HERB NAME:  Violet Viola sororia is a lavendor colored spring flower with 5 petals and heart-shaped leaves.

Violet leaves are best picked when young and small, however, be careful to leave the roots undisturbed to help maintain the health of the plant, which spreads by runners just under the soil.


COMMON NAME:  Common violet, wild violet.


THERAPEUTIC QUALITIES & USES:  The flowers have many culinary uses, and the leaves are used both internally and externally as soothing preparations that have healing benefits for the respiratory system, as well as for the skin. [1]



Violets are:

  • anodyne – Helps reduce pain
  • anti-inflammatory  – Reduces inflammation
  • antitussive – Helps to reduce or eliminate coughing
  • emollient – Soothing effect on the skin
  • expectorant – Facilitates removal of excess mucous




SYMBOLISM: Violets symbolize many things, from luck, love, and passion, to humility and purity. They are sometimes associated with the Virgin Mary in Christianity. [2]

According to Roman traditions, however, the violet is a symbol of mourning and used to make sure the deceased would rest in peace. [3]

During Victorian times, violet flowers spoke of child-like innocence.



SPIRITUAL CONNECTIONS: Violets have been used in spells for protection, luck, love, healing, and more, and are often a favorite when a relationship is ending or in major transition. [4]

Violets are associated with Venus and may be used to help someone seeking new love, especially when feeling unlucky. Additionally, violets are used to increase the power of wishes. [5]




Violet flowers can be used to make violet sugar, jelly vinegar, syrup, decoration, tea, bath salts, and more.  With the syrup, jelly, and vinegar, the flowers will impart a beautiful color.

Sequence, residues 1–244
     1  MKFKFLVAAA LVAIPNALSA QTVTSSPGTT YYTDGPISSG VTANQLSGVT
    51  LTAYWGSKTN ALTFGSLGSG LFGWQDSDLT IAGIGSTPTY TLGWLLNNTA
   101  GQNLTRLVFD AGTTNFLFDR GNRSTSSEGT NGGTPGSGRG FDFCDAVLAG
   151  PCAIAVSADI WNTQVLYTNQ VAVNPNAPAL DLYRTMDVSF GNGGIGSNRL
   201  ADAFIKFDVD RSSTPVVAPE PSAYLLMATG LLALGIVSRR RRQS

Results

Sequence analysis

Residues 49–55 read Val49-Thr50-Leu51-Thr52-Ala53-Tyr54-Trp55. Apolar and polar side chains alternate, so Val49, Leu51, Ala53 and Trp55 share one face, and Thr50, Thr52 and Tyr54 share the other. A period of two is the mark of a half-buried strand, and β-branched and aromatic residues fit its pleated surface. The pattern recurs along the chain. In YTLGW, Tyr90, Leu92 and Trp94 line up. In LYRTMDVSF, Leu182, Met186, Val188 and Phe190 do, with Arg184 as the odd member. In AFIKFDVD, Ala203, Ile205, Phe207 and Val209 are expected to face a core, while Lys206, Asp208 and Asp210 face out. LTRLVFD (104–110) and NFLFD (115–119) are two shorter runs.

To add to bath salts, it’s best to dry the flowers first.

There are many recipes available on the internet.

Violet leaves are best used young and have an earthy flavor.  They can be used fresh or dried.  Steep the leaves in freshly boiled water, and blend with other soothing herbs to compliment the effects you are looking for.





Other herbs that blend well with violets are…

Lavender (Lavandula angustifolia) – For more relaxing and soothing action.

Calendula (Calendula officinalis) – To increase the soothing and healing qualities of skin preparations.

Plantain (Plantago spp) – Provides additional emollient and restorative effects.






  1. https://anniesremedy.com/viola-spp-violet-leaf.php
  2. https://www.atozflowers.com/flower/violas/
  3. https://www.auntyflo.com/flower-dictionary/violet
  4. http://www.gardensablaze.com/HerbVioletMag.htm
  5. https://witchipedia.com/book-of-shadows/herblore/violet/


Disclaimer:  Linden Tree Intuitive would like to remind you to consult with your doctor for all things medical.  We do not diagnose, treat, prevent, or cure any illness or disease.  All material in this blog is for informational purposes only, and you are encouraged to do your own research and question everything!


Lizbeth Russell, M.Ed, HHP, RMT received her Holistic Health Practitioner diploma (High Honors) through the American College of Healthcare Sciences in Portland, Oregon, She is a Wellness Mentor, Herbalist, and Kundalini Reiki Master-Teacher, guiding clients on their path to self-love by creating an oasis of self-care.


Get Free Email Updates!

Sign up now & get a free Mandala-inspired coloring page, plus updates on new blogs, offers, and workshops!

We hate spam as much as you do! Your email will never be shared. Ever.